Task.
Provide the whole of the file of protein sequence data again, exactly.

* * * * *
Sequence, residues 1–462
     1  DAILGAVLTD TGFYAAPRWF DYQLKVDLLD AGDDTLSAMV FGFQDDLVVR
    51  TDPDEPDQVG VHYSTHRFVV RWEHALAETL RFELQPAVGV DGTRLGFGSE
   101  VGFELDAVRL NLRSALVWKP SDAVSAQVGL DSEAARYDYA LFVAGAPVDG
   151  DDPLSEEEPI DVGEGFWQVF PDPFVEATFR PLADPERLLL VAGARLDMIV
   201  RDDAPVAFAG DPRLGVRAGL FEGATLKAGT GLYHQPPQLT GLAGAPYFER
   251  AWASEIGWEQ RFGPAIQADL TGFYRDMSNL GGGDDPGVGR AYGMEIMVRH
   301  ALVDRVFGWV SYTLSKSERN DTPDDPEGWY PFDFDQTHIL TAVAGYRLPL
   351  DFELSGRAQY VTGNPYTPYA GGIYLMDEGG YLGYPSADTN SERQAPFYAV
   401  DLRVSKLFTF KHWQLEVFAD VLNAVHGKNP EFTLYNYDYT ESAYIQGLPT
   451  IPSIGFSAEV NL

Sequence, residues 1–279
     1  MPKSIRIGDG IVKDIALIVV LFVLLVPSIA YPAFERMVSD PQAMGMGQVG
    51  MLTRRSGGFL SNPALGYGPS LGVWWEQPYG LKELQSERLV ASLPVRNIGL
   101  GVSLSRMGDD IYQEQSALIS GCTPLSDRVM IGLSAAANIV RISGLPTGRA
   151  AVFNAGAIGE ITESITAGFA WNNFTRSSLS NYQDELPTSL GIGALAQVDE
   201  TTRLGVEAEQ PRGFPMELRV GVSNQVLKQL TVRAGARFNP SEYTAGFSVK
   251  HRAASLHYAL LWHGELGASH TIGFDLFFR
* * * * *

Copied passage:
Sequence, residues 1–462
     1  DAILGAVLTD TGFYAAPRWF DYQLKVDLLD AGDDTLSAMV FGFQDDLVVR
    51  TDPDEPDQVG VHYSTHRFVV RWEHALAETL RFELQPAVGV DGTRLGFGSE
   101  VGFELDAVRL NLRSALVWKP SDAVSAQVGL DSEAARYDYA LFVAGAPVDG
   151  DDPLSEEEPI DVGEGFWQVF PDPFVEATFR PLADPERLLL VAGARLDMIV
   201  RDDAPVAFAG DPRLGVRAGL FEGATLKAGT GLYHQPPQLT GLAGAPYFER
   251  AWASEIGWEQ RFGPAIQADL TGFYRDMSNL GGGDDPGVGR AYGMEIMVRH
   301  ALVDRVFGWV SYTLSKSERN DTPDDPEGWY PFDFDQTHIL TAVAGYRLPL
   351  DFELSGRAQY VTGNPYTPYA GGIYLMDEGG YLGYPSADTN SERQAPFYAV
   401  DLRVSKLFTF KHWQLEVFAD VLNAVHGKNP EFTLYNYDYT ESAYIQGLPT
   451  IPSIGFSAEV NL

Sequence, residues 1–279
     1  MPKSIRIGDG IVKDIALIVV LFVLLVPSIA YPAFERMVSD PQAMGMGQVG
    51  MLTRRSGGFL SNPALGYGPS LGVWWEQPYG LKELQSERLV ASLPVRNIGL
   101  GVSLSRMGDD IYQEQSALIS GCTPLSDRVM IGLSAAANIV RISGLPTGRA
   151  AVFNAGAIGE ITESITAGFA WNNFTRSSLS NYQDELPTSL GIGALAQVDE
   201  TTRLGVEAEQ PRGFPMELRV GVSNQVLKQL TVRAGARFNP SEYTAGFSVK
   251  HRAASLHYAL LWHGELGASH TIGFDLFFR